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Depression, lifestyle factors and cognitive function in people living with HIV and comparable HIV-negative controls

De Francesco, D; Underwood, J; Bagkeris, E; Boffito, M; Post, FA; Mallon, P; Vera, JH; ... Pharmacokinetic and Clinical Observations in People over Fifty (, .; + view all (2019) Depression, lifestyle factors and cognitive function in people living with HIV and comparable HIV-negative controls. HIV Medicine 10.1111/hiv.12714. (In press). Green open access

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Abstract

OBJECTIVES: We investigated whether differences in cognitive performance between people living with HIV (PLWH) and comparable HIV-negative people were mediated or moderated by depressive symptoms and lifestyle factors. METHODS: A cross-sectional study of 637 'older' PLWH aged ≥ 50 years, 340 'younger' PLWH aged < 50 years and 276 demographically matched HIV-negative controls aged ≥ 50 years enrolled in the Pharmacokinetic and Clinical Observations in People over Fifty (POPPY) study was performed. Cognitive function was assessed using a computerized battery (CogState). Scores were standardized into Z-scores [mean = 0; standard deviation (SD) = 1] and averaged to obtain a global Z-score. Depressive symptoms were evaluated via the Patient Health Questionnaire (PHQ-9). Differences between the three groups and the effects of depression, sociodemographic factors and lifestyle factors on cognitive performance were evaluated using median regression. All analyses accounted for age, gender, ethnicity and level of education. RESULTS: After adjustment for sociodemographic factors, older and younger PLWH had poorer overall cognitive scores than older HIV-negative controls (P < 0.001 and P = 0.006, respectively). Moderate or severe depressive symptoms were more prevalent in both older (27%; P < 0.001) and younger (21%; P < 0.001) PLWH compared with controls (8%). Depressive symptoms (P < 0.001) and use of hashish (P = 0.01) were associated with lower cognitive function; alcohol consumption (P = 0.02) was associated with better cognitive scores. After further adjustment for these factors, the difference between older PLWH and HIV-negative controls was no longer significant (P = 0.08), while that between younger PLWH and older HIV-negative controls remained significant (P = 0.01). CONCLUSIONS: Poorer cognitive performances in PLWH compared with HIV-negative individuals were, in part, mediated by the greater prevalence of depressive symptoms and recreational drug use reported by PLWH.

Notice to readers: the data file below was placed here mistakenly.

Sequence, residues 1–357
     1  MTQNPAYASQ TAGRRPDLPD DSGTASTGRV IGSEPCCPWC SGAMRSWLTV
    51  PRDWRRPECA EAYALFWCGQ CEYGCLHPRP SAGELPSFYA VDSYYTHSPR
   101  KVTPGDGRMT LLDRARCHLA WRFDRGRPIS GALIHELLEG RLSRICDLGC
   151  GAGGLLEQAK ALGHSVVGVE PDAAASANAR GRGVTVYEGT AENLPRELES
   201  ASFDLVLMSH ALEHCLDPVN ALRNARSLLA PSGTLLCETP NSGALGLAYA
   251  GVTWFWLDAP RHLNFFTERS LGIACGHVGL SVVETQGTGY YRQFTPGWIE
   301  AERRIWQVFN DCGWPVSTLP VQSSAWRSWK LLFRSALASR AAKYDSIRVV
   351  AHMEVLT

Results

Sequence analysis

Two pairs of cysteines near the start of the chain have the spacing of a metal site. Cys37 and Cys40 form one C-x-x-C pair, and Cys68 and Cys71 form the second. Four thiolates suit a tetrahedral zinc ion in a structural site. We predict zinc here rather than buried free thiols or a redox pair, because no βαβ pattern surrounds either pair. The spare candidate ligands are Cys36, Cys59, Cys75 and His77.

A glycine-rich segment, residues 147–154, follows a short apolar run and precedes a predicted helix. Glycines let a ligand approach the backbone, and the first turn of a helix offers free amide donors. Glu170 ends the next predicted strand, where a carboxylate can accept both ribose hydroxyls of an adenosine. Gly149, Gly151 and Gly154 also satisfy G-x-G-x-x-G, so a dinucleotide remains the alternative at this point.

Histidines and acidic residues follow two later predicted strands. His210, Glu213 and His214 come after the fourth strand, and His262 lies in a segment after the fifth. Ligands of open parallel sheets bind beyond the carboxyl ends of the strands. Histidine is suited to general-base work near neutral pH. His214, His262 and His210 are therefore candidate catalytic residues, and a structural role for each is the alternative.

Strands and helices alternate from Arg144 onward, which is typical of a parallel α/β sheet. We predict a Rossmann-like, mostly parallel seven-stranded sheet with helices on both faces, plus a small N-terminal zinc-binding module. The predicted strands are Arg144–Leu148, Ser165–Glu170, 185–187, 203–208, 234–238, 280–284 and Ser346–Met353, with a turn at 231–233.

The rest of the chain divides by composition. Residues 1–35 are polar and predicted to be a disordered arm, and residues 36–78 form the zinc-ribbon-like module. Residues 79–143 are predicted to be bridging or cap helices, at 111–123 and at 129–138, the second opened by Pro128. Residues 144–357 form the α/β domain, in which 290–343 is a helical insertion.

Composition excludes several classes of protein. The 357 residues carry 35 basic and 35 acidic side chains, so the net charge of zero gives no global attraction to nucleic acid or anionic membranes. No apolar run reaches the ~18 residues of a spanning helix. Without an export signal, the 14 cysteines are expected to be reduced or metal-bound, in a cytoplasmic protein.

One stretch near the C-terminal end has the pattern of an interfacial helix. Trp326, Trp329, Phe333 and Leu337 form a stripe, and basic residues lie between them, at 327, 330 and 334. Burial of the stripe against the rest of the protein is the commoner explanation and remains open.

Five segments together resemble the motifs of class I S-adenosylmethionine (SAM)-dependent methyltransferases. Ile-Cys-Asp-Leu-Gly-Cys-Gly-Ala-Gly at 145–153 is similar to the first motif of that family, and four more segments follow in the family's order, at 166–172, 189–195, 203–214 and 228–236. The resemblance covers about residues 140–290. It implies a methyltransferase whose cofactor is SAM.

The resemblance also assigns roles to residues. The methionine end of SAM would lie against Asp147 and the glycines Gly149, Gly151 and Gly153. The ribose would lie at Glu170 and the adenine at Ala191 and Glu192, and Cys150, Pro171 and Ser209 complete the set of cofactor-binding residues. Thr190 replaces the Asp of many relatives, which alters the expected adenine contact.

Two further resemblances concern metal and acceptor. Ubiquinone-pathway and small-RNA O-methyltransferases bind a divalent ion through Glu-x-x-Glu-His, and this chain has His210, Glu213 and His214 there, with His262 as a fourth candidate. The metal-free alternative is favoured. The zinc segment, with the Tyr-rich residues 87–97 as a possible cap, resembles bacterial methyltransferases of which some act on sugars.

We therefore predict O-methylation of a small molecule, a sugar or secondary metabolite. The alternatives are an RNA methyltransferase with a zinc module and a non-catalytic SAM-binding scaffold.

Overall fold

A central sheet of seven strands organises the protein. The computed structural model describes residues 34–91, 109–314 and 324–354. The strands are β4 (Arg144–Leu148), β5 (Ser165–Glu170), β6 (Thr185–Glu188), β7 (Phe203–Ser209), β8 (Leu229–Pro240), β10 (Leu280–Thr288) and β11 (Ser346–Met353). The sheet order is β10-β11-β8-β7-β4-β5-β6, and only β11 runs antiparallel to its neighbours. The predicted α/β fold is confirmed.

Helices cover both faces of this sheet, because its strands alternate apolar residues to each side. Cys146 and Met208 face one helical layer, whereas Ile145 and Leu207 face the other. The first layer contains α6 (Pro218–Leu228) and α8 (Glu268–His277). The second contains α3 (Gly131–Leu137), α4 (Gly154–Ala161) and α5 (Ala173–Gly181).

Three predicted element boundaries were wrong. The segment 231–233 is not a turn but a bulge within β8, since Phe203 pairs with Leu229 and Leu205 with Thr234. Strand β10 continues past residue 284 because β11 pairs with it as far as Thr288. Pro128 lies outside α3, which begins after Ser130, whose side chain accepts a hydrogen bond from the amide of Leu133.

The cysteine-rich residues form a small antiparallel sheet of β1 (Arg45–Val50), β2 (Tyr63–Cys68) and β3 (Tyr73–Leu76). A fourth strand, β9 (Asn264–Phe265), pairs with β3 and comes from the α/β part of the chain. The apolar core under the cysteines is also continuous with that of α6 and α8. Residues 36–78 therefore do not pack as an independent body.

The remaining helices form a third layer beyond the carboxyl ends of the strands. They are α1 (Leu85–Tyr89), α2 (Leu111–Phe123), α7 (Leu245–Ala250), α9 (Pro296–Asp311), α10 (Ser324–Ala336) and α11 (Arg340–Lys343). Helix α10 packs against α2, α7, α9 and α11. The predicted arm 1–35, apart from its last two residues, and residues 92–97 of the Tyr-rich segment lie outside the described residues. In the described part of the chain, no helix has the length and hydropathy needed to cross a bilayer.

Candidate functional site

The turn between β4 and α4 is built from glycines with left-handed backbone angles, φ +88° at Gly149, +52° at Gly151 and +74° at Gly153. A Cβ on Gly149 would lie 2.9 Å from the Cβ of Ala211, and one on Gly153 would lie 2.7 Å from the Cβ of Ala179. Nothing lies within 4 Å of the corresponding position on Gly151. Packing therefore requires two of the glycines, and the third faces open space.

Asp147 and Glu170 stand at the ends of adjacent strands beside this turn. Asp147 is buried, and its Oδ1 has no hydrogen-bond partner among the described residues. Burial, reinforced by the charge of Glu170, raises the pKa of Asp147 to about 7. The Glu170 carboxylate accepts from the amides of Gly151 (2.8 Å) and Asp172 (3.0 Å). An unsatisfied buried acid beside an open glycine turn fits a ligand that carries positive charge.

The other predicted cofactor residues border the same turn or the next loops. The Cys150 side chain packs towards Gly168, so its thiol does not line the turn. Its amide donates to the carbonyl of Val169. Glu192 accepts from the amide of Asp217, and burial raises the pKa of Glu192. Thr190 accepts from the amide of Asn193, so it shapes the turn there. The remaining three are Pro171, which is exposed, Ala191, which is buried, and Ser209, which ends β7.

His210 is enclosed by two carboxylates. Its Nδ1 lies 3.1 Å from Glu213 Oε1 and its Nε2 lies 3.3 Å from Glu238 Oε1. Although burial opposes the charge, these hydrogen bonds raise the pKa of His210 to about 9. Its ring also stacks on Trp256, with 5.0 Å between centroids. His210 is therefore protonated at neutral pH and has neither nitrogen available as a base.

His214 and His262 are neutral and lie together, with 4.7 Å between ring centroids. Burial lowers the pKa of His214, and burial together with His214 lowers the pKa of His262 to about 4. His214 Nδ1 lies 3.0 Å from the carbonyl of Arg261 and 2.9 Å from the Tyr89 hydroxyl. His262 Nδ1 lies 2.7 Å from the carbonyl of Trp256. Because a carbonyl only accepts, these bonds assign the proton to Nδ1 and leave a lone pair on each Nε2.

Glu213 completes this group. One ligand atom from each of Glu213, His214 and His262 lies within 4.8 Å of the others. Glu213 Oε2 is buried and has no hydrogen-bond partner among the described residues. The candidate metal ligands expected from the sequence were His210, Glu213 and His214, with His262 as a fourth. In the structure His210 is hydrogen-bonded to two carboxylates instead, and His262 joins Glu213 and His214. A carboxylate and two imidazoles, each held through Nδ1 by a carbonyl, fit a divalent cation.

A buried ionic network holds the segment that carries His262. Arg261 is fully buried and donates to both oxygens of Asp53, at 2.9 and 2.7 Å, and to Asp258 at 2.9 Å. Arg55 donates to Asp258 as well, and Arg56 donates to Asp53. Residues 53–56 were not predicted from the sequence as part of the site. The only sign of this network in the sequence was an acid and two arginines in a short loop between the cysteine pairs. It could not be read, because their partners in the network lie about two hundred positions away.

Type: Article
Title: Depression, lifestyle factors and cognitive function in people living with HIV and comparable HIV-negative controls
Open access status: An open access version is available from UCL Discovery
DOI: 10.1111/hiv.12714
Publisher version: https://doi.org/10.1111/hiv.12714
Language: English
Additional information: Copyright © 2019 The Authors. HIV Medicine published by John Wiley & Sons Ltd on behalf of British HIV Association. This is an open access article under the terms of the Creative Commons Attribution-NonCommercial License, which permits use, distribution and reproduction in any medium, provided the original work is properly cited and is not used for commercial purposes.
Keywords: HIV, HIV-associated neurocognitive disorders, cognitive disorder, cognitive function, depression, people living with HIV
UCL classification: UCL
UCL > Provost and Vice Provost Offices
UCL > Provost and Vice Provost Offices > School of Life and Medical Sciences
UCL > Provost and Vice Provost Offices > School of Life and Medical Sciences > Faculty of Medical Sciences
UCL > Provost and Vice Provost Offices > School of Life and Medical Sciences > Faculty of Medical Sciences > Div of Infection and Immunity
UCL > Provost and Vice Provost Offices > School of Life and Medical Sciences > Faculty of Population Health Sciences
UCL > Provost and Vice Provost Offices > School of Life and Medical Sciences > Faculty of Population Health Sciences > Institute for Global Health
UCL > Provost and Vice Provost Offices > School of Life and Medical Sciences > Faculty of Population Health Sciences > Institute for Global Health > Infection and Population Health
URI: https://discovery.ucl.ac.uk/id/eprint/10067882
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